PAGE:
industry, yet ours not only matures but the technology gets more complex every year. That creates an unusual tension: Startups are developing amazing new technologies and need funding to do it, but just what level of funding? 

Semiconductor Startup Malaise

Cadence CEO and longtime venture capitalist Lip-Bu Tan is by
his own description
"doubling
and tripling down"
on his own semiconductor investments. That's great but he's
the exception rather than the rule
.

That said, semiconductors and EDA startups are nothing if not adaptive.

The industry has spent the past decade giving itself an
expectations haircut. On top of that, new forums for investment have sprung up
in just the past several years that fund more than just music and
movie creation.

Some recent highlights:

So there's momentum building for crowd-sourcing some
technologies. But the news is not as rosy as Kickstarter or its fans would have
you believe.

Project Fail

Independent analysis suggests that more than 40%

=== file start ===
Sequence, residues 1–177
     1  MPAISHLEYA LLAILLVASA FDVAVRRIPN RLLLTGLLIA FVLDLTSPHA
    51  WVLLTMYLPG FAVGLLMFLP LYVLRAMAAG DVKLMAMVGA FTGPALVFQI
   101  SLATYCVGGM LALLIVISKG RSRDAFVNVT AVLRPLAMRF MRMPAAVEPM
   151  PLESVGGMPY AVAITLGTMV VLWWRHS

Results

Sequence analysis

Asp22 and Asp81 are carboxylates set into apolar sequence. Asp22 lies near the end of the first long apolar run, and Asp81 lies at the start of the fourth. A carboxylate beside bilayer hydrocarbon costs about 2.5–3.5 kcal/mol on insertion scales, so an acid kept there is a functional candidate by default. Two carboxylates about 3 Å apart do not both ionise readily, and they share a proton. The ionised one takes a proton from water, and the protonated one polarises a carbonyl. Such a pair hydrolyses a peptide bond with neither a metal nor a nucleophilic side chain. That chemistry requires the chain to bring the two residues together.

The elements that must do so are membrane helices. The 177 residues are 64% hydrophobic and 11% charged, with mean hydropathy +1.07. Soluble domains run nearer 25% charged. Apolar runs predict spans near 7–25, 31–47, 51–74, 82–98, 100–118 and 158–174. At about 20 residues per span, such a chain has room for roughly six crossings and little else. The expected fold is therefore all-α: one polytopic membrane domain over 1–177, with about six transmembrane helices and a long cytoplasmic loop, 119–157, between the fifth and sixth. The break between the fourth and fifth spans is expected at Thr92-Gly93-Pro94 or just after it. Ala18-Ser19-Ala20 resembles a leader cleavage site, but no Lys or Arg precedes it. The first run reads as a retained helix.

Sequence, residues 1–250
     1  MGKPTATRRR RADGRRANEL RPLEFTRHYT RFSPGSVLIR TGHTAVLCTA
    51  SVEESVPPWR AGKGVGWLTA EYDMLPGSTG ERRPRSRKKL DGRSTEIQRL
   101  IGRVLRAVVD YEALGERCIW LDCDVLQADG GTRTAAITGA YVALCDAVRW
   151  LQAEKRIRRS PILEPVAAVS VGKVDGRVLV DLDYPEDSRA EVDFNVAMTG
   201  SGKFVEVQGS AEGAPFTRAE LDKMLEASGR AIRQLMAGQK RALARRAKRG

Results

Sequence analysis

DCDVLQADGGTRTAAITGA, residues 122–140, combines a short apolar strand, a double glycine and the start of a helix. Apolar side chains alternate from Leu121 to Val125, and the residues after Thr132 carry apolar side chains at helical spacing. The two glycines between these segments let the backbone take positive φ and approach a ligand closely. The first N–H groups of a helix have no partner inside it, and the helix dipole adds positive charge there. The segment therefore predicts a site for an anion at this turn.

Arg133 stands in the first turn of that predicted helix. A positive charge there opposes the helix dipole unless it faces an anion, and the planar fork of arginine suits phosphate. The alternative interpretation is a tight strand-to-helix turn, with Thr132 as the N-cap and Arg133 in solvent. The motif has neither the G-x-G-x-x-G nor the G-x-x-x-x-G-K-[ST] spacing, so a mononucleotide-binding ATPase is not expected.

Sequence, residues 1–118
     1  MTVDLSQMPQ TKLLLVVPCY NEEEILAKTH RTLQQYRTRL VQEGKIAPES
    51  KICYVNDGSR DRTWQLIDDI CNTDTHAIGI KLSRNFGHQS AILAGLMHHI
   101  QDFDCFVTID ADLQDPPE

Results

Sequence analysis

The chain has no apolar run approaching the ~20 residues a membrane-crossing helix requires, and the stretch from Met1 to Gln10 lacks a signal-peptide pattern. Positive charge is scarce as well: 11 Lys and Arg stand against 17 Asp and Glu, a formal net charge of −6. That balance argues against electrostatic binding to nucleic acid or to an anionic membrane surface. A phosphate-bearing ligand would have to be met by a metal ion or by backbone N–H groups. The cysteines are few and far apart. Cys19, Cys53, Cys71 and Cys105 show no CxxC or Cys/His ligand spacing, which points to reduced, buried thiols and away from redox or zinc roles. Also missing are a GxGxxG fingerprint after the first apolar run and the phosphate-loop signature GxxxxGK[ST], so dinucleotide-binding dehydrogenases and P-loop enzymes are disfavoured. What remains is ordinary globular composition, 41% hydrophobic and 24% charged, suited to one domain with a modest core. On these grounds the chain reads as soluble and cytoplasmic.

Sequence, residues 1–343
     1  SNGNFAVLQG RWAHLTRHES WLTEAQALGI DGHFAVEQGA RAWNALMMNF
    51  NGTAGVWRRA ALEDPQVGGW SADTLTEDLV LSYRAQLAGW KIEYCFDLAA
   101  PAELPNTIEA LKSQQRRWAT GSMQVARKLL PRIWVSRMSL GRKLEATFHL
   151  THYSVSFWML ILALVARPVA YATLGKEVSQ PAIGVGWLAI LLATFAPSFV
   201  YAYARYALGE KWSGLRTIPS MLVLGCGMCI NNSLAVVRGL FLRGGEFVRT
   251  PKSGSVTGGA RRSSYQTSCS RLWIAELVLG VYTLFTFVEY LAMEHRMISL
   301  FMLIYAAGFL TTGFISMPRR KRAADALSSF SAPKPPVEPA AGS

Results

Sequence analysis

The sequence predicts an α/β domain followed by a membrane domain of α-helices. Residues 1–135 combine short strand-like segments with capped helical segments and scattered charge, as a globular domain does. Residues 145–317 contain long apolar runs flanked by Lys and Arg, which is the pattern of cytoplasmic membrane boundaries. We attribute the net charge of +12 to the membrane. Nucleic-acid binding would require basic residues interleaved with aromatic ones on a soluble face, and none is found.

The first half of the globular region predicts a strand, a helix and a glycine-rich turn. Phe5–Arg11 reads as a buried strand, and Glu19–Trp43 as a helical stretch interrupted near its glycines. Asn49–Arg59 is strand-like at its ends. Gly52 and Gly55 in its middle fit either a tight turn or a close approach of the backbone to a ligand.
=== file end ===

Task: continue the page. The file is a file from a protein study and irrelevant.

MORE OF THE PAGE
of Kickstarter projects fail
to achieve their funding level, although
investors overwhelmingly tend to back the right horses (see the related info
graphic below
) with their overall dollars.

On top of that, technology projects rank second-worst in
terms of success on Kickstarter, with just 39 percent achieving goal. What
works? Dance and theater projects (liberal arts majors, rejoice!!).

Dance, by the way, had the fewest number of projects (758)
submitted for the period covered in the infographic, followed closedly by
technology (806). Dance projects sought an average of $2,374 each, while
technologists were asking for $12,282, which may have contributed to
technology's high failure rate. (Then again, the average film and video project brought in $40,000).

All that said, crowd-funding is here to stay. Kickstarter reports that 2.2
million people contributed $319 million last year, funding more than 18,000
projects.

kickstarter technology projects